After almost a year-long hiatus, I’m back on the blog. Soon I’ll have a new schedule and approach, but for now I’m jumping back in with a review of the Captain Marvel movie.
I know, I know, I’m a white male writing a review of Captain Marvel. That’s apparently an incendiary action these days, but as a writer I’ve written about quite a few topics in ways which have made people squirm and even lash out. Good writing will challenge how you think, push you out of your ideological comfort zone, and get you to look at things from a different perspective. If I’m not doing that, I’m not doing my job.
To start, let me just say I’m a big fan of Carol Danvers, aka Captain Marvel. Despite people running around trying to say otherwise, the character wasn’t changed or created for this new film. Yes, in the comics she’s ultra-powerful, at one point taking on an entire star fleet single-handedly and winning. But she’s also not perfect, and that’s one of the charming qualities she possesses.
I really wanted to love this film, but the first thing that soured the experience was that Carol Danvers was pretty much perfect. Without spoiling anything, the only “mistake” she made was trusting someone whose intentions she thought were pure. To top it off, Brie Larson played the character in quite the stiff mannerism. In the comics Carol Danvers is brash and colorful, having amazing emotional depth, not too unlike Tony Stark. I was really looking forward to those two sharing a room in the next Avengers movie, but now I’m just dreading it.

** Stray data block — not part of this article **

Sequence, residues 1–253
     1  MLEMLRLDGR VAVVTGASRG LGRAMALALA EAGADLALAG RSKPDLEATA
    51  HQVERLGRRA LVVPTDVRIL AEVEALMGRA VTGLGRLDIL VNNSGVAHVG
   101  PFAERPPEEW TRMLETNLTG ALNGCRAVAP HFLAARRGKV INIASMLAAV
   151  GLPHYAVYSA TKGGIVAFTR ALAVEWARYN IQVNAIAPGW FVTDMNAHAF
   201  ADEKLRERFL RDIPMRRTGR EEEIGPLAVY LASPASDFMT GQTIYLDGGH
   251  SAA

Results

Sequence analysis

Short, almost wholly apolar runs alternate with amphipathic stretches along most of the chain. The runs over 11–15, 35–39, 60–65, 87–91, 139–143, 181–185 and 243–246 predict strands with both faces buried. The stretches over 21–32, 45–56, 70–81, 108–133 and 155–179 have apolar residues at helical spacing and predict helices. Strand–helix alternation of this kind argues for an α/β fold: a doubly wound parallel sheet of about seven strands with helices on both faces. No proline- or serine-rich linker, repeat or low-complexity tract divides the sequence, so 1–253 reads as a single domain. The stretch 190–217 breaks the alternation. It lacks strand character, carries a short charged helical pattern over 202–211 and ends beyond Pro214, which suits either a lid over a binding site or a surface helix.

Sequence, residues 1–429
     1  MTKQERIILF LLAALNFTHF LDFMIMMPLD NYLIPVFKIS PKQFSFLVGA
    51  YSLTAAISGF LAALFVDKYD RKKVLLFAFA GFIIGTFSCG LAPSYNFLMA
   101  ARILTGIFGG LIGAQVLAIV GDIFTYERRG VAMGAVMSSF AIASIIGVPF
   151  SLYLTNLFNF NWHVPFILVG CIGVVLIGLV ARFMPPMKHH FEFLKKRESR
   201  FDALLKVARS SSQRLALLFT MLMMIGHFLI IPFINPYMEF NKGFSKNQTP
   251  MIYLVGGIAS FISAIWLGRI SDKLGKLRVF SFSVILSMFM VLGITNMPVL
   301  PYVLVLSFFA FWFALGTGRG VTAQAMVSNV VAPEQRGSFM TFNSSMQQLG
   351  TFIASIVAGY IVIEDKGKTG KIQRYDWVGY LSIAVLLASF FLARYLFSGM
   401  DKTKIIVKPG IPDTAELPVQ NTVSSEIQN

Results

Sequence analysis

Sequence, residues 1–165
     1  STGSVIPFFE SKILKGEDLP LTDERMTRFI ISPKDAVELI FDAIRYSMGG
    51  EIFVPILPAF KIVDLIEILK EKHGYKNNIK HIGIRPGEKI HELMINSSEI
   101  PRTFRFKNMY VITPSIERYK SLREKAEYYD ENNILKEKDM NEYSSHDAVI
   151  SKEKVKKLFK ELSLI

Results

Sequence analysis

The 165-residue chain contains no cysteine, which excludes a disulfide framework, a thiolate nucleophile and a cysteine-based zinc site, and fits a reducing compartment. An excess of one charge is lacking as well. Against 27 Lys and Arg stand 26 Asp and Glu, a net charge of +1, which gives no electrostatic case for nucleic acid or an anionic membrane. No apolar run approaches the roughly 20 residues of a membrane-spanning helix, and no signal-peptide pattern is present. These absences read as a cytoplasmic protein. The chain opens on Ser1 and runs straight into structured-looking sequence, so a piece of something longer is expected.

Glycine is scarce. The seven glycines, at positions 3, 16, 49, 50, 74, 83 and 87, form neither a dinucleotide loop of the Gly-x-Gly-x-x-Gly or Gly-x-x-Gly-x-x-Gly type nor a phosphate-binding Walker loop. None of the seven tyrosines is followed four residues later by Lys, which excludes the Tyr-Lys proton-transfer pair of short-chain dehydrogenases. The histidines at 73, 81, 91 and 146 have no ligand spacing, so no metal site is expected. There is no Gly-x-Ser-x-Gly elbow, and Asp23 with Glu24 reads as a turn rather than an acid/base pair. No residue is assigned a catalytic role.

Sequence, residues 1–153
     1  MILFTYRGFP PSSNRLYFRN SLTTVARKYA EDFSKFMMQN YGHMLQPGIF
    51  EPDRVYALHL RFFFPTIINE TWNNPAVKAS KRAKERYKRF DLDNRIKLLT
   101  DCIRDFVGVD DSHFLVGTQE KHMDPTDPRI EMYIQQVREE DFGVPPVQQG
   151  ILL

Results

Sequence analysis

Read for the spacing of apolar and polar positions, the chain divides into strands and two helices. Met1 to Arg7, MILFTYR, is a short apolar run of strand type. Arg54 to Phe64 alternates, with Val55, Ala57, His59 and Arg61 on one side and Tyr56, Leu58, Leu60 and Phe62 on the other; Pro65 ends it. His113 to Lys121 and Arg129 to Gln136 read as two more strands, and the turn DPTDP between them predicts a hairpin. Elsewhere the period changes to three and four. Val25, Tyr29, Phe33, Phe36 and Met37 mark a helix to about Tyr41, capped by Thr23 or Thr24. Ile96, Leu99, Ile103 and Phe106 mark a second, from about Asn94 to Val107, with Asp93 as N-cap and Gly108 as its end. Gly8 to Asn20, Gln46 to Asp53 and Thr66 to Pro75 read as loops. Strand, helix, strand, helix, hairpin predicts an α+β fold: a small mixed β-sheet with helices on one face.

Then there’s the issue of the 90s nostalgia in the film. I was a teen in the 90s and have a playlist from that decade that will last a day, but even I thought the nostalgia was like drinking syrup from a bottle. While Guardians of the Galaxy used its classic songs to pump up the dramatic qualities, in Captain Marvel the songs seemed to just be shoved in all over the place. Where it hit a ridiculous pinnacle was when No Doubt’s “Just a Girl” — a song that’s on my 90s playlist, by the way — started blaring during a fight scene. It didn’t fit the mood and quite frankly was distracting (something from Nine Inch Nails, such as Head Like a Hole, would’ve worked so much better). But the fact the song placement was to get across a point that was constantly belabored throughout the movie wasn’t lost on me, leading to my next point.
I absolutely detest preachy books and movies. The Legend of Bagger Vance, one of my favorite movies of all time, strikes a nice balance. It could have so easily been sanctimonious, and unfortunately the book is. Instead, the movie leads you most of the way, then allows you to fill in the rest. Captain Marvel doesn’t do that. The script treats us all like dumb schoolchildren who need it spelled out: Captain Marvel is a strong woman, damn it! She’s been oppressed and told by men, including her own father, that she wasn’t good enough to race go-karts, join the military, or save the universe. There’s nothing wrong with portraying that, but when you ram-rod it into the audience’s brains, that’s where the storytelling jumps the tracks.
The rest of my review is very spoiler-filled, so read on only if you want to know what happens, or you’ve already seen the movie.
A good plot in a movie or book flows so smoothly it’s just a joy. There were numerous points in Captain Marvel that were anything but smooth. Overall, the movie’s pacing was off.